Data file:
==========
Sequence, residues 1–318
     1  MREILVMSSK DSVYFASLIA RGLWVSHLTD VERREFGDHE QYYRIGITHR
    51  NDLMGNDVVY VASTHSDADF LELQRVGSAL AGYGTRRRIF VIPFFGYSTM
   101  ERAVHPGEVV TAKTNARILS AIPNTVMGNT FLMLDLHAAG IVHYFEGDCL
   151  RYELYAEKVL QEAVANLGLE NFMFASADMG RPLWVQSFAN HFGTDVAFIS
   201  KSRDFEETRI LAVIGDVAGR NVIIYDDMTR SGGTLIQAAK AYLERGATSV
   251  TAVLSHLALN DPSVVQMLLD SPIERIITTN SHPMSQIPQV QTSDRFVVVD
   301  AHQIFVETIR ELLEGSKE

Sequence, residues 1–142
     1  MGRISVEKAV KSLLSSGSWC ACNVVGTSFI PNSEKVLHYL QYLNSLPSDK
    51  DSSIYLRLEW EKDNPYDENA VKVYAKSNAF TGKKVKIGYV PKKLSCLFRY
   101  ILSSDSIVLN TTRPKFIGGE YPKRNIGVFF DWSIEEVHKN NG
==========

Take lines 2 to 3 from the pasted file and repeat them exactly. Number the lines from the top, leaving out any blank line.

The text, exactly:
     1  MREILVMSSK DSVYFASLIA RGLWVSHLTD VERREFGDHE QYYRIGITHR
    51  NDLMGNDVVY VASTHSDADF LELQRVGSAL AGYGTRRRIF VIPFFGYSTM